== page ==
TUNISIA: IFC grants €40 million to support private initiatives in renewable energies

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TUNISIE : l’IFC accorde 40 M€ pour accompagner les initiatives privées dans les EnR© lkpro/Shutterstock

The International Finance Corporation (IFC), a subsidiary of the World Bank, has lent 40 million euros to Attijari bank Tunisia. The appropriation is intended to finance the renewable energy sector in Tunisia.

The International Finance Corporation (IFC), a subsidiary of the World Bank, and Attijari Bank Tunisia, signed a loan agreement on Tuesday, October 9, 2018, in Tunis (capital of Tunisia). Worth €40 million, it is repayable over 7 years (with the possibility of postponing by 2 years) and will be used to finance and support renewable energy projects in rural areas.

Tunisian private bank Attijari bank, a subsidiary of the Attijariwafa bank group, is a pioneer in the development of green financial products to support investments such as photovoltaic units, waste treatment plants and energy efficiency projects. It has contracted this credit as part of its strategy to develop the private sector, create jobs and support renewable energy production projects. “This financing comes at a time when Tunisia is seeking to open up horizons for young people and accelerate the development of disadvantaged areas,” said Hisham Seffa, CEO of Attijari bank, before adding that “the IFC is not a new partner for us. Since 2017, this company has been supporting us in the project to digitise services and create new products and services, including Webank (online version of Attijari bank, editor’s note), which we have just launched.”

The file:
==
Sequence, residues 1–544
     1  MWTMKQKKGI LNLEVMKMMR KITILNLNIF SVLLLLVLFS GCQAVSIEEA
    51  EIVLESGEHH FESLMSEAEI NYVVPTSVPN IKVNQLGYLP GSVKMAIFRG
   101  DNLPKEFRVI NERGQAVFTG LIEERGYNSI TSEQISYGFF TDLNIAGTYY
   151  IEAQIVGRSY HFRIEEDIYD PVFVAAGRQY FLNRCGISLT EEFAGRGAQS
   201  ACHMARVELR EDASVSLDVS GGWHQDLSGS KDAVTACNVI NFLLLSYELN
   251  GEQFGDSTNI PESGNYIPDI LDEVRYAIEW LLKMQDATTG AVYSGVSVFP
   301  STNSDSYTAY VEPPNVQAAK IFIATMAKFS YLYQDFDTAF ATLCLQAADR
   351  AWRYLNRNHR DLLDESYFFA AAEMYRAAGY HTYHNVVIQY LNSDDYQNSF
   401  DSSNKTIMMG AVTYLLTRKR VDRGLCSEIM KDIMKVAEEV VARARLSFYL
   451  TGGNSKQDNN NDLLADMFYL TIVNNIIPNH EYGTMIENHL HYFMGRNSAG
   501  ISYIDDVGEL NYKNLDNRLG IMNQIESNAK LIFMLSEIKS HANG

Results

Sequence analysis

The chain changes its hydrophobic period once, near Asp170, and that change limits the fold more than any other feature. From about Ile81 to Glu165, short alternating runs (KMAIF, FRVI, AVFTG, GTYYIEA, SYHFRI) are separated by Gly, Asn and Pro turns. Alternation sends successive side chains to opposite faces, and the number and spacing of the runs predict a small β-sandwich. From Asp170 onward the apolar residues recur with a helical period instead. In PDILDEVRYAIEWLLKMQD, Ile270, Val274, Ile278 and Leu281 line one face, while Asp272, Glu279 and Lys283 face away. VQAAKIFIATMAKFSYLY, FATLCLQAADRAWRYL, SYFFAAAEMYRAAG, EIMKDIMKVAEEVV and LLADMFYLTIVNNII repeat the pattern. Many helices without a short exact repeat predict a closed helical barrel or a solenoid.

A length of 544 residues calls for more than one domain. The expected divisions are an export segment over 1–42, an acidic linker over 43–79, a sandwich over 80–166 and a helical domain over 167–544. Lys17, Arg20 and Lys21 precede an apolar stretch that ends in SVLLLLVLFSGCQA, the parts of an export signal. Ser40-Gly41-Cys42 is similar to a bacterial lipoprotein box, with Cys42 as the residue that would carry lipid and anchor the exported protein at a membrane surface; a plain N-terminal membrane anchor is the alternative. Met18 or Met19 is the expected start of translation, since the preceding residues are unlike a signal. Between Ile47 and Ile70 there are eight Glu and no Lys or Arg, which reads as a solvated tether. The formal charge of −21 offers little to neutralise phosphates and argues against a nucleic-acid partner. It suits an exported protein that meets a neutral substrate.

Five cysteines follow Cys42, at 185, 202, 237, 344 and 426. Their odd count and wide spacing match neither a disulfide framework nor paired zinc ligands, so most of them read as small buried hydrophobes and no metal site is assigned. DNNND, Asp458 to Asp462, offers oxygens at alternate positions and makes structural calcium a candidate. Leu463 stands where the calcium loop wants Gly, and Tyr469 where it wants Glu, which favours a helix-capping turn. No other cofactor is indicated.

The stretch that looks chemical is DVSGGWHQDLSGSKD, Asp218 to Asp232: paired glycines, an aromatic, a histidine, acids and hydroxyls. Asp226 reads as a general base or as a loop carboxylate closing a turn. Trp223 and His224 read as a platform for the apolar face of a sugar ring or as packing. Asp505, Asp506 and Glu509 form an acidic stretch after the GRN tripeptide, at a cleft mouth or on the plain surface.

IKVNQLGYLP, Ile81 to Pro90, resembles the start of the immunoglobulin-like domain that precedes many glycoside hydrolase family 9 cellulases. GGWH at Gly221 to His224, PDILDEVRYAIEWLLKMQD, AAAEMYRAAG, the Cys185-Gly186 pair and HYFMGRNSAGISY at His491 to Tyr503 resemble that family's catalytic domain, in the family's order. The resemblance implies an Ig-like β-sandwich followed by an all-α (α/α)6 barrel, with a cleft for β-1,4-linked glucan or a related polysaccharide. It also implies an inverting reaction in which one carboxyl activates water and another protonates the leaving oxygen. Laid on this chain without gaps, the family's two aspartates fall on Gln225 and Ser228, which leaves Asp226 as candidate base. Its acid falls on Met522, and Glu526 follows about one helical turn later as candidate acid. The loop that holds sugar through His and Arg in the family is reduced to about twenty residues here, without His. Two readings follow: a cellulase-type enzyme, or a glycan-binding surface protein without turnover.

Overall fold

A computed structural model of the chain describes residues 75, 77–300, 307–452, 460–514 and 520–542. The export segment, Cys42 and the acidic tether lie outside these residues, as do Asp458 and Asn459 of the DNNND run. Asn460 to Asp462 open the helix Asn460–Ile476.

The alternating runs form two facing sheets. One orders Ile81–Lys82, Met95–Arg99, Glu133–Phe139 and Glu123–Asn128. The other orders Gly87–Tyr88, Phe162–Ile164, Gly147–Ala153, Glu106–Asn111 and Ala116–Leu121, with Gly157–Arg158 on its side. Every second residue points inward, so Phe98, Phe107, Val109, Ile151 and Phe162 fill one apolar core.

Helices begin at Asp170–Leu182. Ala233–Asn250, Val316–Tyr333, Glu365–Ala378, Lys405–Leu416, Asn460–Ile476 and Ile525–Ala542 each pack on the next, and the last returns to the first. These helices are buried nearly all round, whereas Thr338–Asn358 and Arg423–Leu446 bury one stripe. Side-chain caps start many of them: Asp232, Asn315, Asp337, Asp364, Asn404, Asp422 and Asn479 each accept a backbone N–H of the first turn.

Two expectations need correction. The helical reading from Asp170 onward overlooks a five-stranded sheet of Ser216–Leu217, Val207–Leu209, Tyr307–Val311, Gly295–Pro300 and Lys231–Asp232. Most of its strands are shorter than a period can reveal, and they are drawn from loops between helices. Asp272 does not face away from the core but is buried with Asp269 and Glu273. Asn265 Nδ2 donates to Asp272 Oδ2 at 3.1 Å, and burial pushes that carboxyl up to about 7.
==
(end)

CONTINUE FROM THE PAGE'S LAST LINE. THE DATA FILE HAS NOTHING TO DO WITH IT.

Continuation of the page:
IFC is committed to supporting the energy transition in Tunisia

IFC, a member of the World Bank Group, specialising in mobilising financial products and services to provide development solutions adapted to southern countries, is not a first-time participant in the development of green energy in Tunisia. On June 28, 2018, IFC announced $500 million in funding to support a major reform package in Tunisia, aimed at stimulating private investment in several sectors, including renewable energy. For this other loan, the main aim is to make Tunisia more financially viable over the long term, so that by 2030 it can achieve an energy mix of which 30% would come from renewable electricity production.

Boris Ngounou

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